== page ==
Saunders showed fast hands and also attacked Hammond’s head. Toward the end of the round, Hammond landed a good one-two. Saunders was sprightly on his feet, used good general movement and bobbed Hammond’s shots when necessary. Saunders’ combination-work really was incredible and there looked to be even heavier power in his punches than he had shown in past fights. Completely one-sided stanza (Saunders threw 109 punches).
Round Two: As had been typical with Saunders’ posturing, he led with his shoulder and tucked his chin behind his shoulder. The right hook, like it did in the first round, worked well for Saunders.
The flurries were not as relentless as they were in the first round but that may have been more to do with conserving energy more so than anything else. Saunders’ use of angles and picking his shots belied his young age. The variety of punches shown by Saunders was incredible and Hammond took a knee due to an uppercut, rose to his feet, but then again was on a knee because of a right to the body.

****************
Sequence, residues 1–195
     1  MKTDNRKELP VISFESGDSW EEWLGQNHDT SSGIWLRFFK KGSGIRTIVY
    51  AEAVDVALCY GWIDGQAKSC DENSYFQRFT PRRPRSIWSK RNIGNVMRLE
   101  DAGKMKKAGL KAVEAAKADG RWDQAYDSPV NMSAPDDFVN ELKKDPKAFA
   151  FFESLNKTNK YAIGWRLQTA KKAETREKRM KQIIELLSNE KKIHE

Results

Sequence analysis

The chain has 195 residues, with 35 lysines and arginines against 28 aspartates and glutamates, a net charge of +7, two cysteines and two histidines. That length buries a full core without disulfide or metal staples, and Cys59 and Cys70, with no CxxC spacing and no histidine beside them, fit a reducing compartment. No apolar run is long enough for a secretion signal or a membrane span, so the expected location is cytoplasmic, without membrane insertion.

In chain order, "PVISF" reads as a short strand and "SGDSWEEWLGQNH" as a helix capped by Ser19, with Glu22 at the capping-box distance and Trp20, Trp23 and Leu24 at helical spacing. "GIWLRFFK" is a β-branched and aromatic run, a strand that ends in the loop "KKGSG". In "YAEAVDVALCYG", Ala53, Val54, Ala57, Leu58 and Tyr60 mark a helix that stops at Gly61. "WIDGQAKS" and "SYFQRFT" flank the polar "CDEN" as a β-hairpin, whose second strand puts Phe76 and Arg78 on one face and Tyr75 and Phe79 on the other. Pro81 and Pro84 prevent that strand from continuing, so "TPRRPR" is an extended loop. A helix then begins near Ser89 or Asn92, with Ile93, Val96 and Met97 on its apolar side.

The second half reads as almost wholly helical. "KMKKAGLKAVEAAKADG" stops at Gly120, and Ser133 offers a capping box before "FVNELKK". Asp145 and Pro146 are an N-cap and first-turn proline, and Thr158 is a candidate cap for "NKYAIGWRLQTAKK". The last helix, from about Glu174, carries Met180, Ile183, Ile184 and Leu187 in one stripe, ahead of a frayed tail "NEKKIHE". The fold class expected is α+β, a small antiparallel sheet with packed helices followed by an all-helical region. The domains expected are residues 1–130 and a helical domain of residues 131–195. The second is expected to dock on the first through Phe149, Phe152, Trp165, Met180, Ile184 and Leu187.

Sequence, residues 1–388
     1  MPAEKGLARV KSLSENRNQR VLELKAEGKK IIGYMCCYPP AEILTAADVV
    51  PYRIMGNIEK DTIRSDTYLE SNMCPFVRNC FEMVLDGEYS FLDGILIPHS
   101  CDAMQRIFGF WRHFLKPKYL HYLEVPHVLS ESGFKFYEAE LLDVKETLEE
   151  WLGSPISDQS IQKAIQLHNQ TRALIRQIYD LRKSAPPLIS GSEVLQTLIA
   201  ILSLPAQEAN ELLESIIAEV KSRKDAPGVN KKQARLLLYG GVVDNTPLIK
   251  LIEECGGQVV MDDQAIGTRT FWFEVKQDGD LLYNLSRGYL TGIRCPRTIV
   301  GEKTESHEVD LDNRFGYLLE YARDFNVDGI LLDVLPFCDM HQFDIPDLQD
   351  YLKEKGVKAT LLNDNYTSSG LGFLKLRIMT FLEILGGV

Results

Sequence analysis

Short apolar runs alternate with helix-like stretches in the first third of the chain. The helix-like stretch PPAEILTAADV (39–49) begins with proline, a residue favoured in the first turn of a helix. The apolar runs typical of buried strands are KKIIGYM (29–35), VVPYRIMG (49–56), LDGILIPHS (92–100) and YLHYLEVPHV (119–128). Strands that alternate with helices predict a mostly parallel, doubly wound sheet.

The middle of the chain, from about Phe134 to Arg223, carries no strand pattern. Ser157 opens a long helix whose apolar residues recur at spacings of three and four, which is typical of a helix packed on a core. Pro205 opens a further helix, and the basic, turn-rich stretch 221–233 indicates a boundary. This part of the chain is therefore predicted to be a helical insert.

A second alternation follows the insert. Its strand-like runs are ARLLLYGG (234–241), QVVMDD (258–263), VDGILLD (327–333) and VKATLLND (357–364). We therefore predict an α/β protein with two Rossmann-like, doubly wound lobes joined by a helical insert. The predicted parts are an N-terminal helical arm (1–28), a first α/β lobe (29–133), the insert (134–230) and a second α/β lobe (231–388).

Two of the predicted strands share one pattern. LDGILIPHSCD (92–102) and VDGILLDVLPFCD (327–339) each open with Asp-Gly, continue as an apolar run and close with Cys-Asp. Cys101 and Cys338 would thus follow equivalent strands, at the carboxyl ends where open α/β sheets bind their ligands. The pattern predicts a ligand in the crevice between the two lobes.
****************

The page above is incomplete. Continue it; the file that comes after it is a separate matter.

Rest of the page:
Hammond’s record – he dropped to 8-7-1, 4ko – does not do his durability justice as he had not once been stopped prior to tonight. Saunders’ superb technical skill, his punch-output, his devastating body shots and his combination-work all brought the contest (which had been scheduled for eight rounds) to a close at the end of the second.
“Two’s my lucky number now I think,” Billy Joe, who rose to 9-0-0, 6ko with the win, said on Sky Sports after the win. “Me and Jimmy [Tibbs, Saunders' trainer] had a gameplan. I had a lot of time out, if I did eight rounds it would have done me good but it came early for me. To be honest, I was stuck in second gear, I still had three gears. I’m in the best shape of my life. The weight is no problem.”
A delighted Tibbs beamed: “I’ve been saying it all along… he’s the best 21-year-old. When Frank [Warren, Saunders' promoter] says so he’ll be there for the big time.”
Warren noted: “It was superb performance. He was a different class, a great win for him and it’s only up from here. He’s going to fight again in July, in London, on the undercard for John Murray and Kevin Mitchell.”